BASH Basics – Part 6: Loops and Functions

The introduction into scripting ends with the final aspects of scripting with loops and functions. To see more about BASH, the command line, interesting BASH scripts, and command line functions, you can look at the BASH scripts and analyze them with your newfound knowledge from the last parts. We covered loops and functions briefly at the beginning, but since they are so important, this article contains more detail about them and how to use them.

Loops

BASH has three basic loop structures: the while-loop, the until-loop and the for-loop which we had seen earlier. So, where do we use which loop? while-loops are used as long as an expression evaluates to true. Let’s first look at a script which opens four terminals for us to avoid repetitive work:

4terminals.sh

#!/bin/bash
# This script opens 4 terminal windows
i="0"

while [ $i -lt 4 ] #test condition and while statement
do
#open terminal and background it until 4 windows are open
mate-terminal &
i=$[$i+1] #increment counter
done
If you set your variable to true, the loop runs indefinitely. You can get out of it with a ctrl-c or a break statement, which is covered below. To increment the counter, ((i++)), is also a valid way to do. Avoid “off-by-one” or “fencepost”-errors! Check when to use lt or le, larger than or larger or equal, by using a simple example first. until-loops are run until the test becomes true. By changing the statement in the above script to until and changing the test, we can achieve the same result:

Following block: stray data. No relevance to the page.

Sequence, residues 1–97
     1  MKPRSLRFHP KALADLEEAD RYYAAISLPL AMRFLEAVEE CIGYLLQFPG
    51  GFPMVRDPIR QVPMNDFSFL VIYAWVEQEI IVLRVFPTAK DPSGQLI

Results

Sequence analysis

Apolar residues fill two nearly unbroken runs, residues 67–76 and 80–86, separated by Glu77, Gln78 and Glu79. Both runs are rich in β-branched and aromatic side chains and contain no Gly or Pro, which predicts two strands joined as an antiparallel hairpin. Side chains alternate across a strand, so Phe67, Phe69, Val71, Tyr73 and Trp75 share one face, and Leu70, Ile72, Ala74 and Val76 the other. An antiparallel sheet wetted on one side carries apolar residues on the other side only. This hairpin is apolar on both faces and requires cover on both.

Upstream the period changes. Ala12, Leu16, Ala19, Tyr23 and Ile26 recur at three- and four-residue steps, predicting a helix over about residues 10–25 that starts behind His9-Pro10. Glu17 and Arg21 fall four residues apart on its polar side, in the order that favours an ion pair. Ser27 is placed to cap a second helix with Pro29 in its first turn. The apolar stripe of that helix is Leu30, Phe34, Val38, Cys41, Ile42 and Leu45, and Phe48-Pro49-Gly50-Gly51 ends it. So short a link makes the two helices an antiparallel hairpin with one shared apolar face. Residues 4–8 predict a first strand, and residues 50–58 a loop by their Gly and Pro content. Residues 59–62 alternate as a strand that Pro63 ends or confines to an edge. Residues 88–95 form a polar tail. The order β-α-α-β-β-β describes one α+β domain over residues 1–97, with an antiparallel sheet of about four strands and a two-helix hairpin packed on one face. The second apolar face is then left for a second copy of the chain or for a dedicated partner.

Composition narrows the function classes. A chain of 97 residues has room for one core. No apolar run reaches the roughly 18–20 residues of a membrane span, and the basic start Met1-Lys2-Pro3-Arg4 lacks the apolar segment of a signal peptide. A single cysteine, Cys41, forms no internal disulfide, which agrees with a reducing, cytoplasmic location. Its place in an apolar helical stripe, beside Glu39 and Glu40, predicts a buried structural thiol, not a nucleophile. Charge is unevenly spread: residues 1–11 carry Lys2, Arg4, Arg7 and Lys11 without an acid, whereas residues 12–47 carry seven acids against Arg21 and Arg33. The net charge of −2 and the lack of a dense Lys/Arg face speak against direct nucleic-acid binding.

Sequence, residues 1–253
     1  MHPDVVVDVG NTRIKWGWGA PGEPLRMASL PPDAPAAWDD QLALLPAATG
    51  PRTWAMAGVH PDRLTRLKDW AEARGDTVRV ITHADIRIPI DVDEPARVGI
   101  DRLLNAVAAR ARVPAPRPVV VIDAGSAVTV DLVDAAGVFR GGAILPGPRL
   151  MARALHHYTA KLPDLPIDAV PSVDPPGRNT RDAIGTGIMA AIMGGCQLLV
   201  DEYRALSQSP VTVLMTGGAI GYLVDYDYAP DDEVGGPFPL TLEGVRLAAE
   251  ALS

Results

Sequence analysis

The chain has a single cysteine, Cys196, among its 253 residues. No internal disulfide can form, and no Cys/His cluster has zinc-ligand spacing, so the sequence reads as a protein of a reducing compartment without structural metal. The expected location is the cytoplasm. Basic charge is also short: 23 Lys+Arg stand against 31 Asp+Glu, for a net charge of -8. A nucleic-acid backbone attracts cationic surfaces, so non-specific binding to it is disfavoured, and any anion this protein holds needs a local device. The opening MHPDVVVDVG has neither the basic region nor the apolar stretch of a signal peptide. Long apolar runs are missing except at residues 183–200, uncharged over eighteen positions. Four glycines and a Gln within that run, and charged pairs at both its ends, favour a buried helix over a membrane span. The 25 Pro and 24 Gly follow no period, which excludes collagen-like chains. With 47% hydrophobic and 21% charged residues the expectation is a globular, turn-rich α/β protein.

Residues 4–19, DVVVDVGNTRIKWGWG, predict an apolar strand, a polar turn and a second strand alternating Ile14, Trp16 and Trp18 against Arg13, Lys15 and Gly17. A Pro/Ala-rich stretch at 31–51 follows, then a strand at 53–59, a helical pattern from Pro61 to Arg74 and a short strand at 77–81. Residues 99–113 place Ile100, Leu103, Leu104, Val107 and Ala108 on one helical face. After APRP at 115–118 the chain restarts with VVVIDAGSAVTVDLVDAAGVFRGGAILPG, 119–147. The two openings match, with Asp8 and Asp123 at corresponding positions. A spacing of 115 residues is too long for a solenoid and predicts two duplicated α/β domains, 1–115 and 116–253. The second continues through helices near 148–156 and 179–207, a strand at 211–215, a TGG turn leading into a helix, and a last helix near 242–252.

4terminals2.sh

#!/bin/bash
# This script opens 4 terminal windows
i="0"

#test condition and until statement
until [ $i -ge 4 ]
do
#open terminal and background it until 4 windows are open
mate-terminal &
((i++)) #increment counter
done
By adopting the statement and the test, we achieve identical results. Why use a different statement, then? This is about clean and elegant code. You choose whatever is easiest to read, code, and understand in a particular situation. “Don’t touch the paint until it’s dry.” is easier to understand than “Don’t touch the paint while it’s not dry.”, or even “Don’t touch the paint while it is wet.” The for-loop was already covered; the for … do … done structure should be clear by now. With for i in {a..b}, we can also define ranges of values. A script with a range would look like this:

4terminalswithrange.sh

#!/bin/bash
# simple range in for loops
for i={1..4}

do
mate-terminal &
done

echo "Preparations completed!"
Be careful not to include spaces in the curly brackets, otherwise this will be seen as a list of items! If the first number is bigger than the second, the count is down instead of up; also, an added number after two more points like {a..b..c} will use an increment with the size of c. for-loops are incredibly useful when we want to process sets of files, as we have already seen in the earlier examples.

However, there are other ways to control loops and scripts: the break, continue and select commands. Imagine that you want to write a script to backup a set of files by copying them to another place, but only when the disk is less than 95% full:

backupfiles.sh

#!/bin/bash
# make a backup of files in dir
# usage: backupfiles.sh dir
for i in $1/*
do
level=$( df $1 | tail -1 | awk '{ print $5 }' | sed 's/%//' )
if [ $level -gt 95 ]
then
echo Low disk space 1>&2
break
fi
cp $i $1/backup/
done